Macroalgae sugar kelp and sea squirts for biofuels production investigated in light of impact on ecosystem services

Two out of several potential marine feedstocks for biofuels production that can be cultivated in Sweden are the macroalgae sugar kelp and sea squirts. A new report from the project Marine feedstock based biofuels and ecosystem services, carried out within the f3 and Swedish Energy Agency collaborative research program Renewable transportation fuels and systems (F√∂rnybara drivmedel och system), has investigated and summarized the potential impacts of the intensification of marine biomass production for biofuel production on ecosystem services from a Swedish perspective.

Marine feedstocks are depicted as interesting alternatives to more traditional biofuels produced from agricultural crops or forest residues since they require little or no land area and thus do not compete with land-based food production. However, prior to full-scale production, a complete sus­tainability assessment is needed, screening possible impacts of marine-based biofuel production. For this, there is a need to identify the different ecosystem services affected. The newly finished project has aimed to identify and describe the ecosystem services which are affected by the production of marine feedstock-based biofuels in Sweden and to pinpoint appropriate indicators to measure changes for these. This is followed by a quali­tative assessment of the consequences of large scale marine biomass cultivation on provisional, regulating and maintenance, and cultural ecosystem services.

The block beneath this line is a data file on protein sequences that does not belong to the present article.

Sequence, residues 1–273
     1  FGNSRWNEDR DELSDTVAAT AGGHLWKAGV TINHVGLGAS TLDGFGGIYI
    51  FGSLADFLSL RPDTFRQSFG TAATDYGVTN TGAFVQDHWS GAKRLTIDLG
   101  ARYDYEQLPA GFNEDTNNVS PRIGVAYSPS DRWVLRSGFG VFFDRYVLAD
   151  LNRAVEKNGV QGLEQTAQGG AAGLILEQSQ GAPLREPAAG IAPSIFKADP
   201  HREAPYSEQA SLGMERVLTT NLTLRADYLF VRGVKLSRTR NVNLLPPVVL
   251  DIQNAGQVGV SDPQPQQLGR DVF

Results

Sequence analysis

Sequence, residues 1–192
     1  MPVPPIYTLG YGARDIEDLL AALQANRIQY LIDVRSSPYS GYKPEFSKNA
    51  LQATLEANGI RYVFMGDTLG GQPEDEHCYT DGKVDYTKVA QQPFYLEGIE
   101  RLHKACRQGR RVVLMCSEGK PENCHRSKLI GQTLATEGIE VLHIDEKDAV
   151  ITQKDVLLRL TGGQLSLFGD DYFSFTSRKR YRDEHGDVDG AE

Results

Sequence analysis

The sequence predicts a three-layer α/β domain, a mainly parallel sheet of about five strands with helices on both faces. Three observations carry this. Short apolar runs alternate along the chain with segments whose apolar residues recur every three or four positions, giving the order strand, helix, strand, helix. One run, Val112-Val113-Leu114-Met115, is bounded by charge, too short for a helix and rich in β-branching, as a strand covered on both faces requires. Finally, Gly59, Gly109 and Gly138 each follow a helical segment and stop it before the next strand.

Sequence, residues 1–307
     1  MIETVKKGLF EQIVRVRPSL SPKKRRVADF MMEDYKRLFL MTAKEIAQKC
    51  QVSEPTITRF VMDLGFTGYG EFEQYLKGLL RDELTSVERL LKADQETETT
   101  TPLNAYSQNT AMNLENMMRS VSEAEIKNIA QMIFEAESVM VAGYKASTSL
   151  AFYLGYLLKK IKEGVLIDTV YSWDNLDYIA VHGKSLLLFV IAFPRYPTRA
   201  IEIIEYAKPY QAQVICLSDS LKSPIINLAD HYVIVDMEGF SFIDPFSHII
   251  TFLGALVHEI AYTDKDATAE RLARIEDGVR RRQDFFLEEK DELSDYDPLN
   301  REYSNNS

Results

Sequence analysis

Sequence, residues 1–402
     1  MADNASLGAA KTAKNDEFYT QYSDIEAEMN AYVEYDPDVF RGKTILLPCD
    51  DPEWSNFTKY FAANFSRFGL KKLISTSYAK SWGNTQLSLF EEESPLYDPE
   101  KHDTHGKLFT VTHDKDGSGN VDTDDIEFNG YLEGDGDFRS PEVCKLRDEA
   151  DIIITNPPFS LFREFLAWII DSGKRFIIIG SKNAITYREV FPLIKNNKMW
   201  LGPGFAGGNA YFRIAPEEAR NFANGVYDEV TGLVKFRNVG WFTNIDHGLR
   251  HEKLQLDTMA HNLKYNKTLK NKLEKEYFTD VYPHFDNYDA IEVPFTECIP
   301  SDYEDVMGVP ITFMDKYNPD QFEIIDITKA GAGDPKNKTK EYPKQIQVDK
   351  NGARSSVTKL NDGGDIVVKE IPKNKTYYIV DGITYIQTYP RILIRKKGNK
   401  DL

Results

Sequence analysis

The project, lead by Karin Hansen at IVL, and with participants from IVL and RISE (formerly SP), concludes in its final report that the impact of intensified production of biomass from macroalgae and sea squirts on provisioning ecosystem services is overall positive. In other categories of ecosystem services, the impact is a combination of possible positive and negative effects. For example, microalgae and sea squirts have potential to counteract eutrophication by build­ing up nitrogen and phosphorous in tissue which is removed by harvest. Also, climate change can be mitigated when biofuels from marine biomass replace fossil fuels. On the other hand, large scale aquacultures may lead to low resilience and the dispersal of pests.

All in all, the qualitative and semi-quantitative valuation provided in the report helps to understand the implications of biofuel production from marine feedstocks on ecosystem services. Read the full report here.